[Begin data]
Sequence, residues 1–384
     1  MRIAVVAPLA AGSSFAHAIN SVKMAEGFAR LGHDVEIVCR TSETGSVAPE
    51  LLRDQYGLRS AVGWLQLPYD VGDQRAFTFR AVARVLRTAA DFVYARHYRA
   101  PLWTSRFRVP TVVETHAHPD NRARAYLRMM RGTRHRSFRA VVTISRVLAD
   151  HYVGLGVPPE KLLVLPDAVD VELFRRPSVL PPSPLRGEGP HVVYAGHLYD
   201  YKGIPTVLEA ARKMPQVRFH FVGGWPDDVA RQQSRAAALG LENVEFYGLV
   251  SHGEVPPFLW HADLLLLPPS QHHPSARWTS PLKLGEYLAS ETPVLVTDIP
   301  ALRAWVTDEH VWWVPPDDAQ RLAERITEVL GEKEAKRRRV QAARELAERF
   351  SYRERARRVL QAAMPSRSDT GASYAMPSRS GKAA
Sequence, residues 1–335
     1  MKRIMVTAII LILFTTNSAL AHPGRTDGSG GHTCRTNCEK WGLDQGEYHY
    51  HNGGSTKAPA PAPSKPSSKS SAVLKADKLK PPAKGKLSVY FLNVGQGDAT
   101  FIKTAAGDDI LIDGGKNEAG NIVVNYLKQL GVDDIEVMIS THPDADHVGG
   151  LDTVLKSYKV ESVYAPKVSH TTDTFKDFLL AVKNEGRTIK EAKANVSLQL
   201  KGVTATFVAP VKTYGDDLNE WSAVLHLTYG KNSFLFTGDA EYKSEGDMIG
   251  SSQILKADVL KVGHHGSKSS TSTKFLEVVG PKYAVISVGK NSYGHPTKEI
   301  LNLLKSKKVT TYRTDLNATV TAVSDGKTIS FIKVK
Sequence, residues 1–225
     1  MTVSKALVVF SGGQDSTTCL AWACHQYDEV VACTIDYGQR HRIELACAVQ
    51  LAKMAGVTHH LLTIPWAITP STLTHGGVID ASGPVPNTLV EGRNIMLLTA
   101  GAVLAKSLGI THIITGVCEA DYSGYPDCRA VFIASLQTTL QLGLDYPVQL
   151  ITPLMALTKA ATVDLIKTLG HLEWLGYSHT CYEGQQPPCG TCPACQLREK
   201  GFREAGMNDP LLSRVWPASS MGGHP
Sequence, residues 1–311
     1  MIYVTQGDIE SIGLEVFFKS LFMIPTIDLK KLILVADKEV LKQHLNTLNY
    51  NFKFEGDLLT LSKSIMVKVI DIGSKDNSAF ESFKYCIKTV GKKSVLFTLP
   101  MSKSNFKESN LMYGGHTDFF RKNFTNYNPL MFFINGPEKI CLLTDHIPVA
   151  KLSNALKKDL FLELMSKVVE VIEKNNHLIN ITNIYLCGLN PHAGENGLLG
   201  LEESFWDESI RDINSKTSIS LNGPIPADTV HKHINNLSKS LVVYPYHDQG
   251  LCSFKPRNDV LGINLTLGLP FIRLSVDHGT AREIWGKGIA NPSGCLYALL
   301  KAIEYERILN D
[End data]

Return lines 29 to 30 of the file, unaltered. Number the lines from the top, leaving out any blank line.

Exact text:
   201  LEESFWDESI RDINSKTSIS LNGPIPADTV HKHINNLSKS LVVYPYHDQG
   251  LCSFKPRNDV LGINLTLGLP FIRLSVDHGT AREIWGKGIA NPSGCLYALL